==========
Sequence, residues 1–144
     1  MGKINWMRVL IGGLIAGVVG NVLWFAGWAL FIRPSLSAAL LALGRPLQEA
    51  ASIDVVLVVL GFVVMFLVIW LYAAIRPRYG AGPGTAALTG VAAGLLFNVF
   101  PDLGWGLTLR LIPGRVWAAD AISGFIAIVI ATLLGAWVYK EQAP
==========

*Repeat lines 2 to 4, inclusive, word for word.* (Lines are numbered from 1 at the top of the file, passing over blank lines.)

     1  MGKINWMRVL IGGLIAGVVG NVLWFAGWAL FIRPSLSAAL LALGRPLQEA
    51  ASIDVVLVVL GFVVMFLVIW LYAAIRPRYG AGPGTAALTG VAAGLLFNVF
   101  PDLGWGLTLR LIPGRVWAAD AISGFIAIVI ATLLGAWVYK EQAP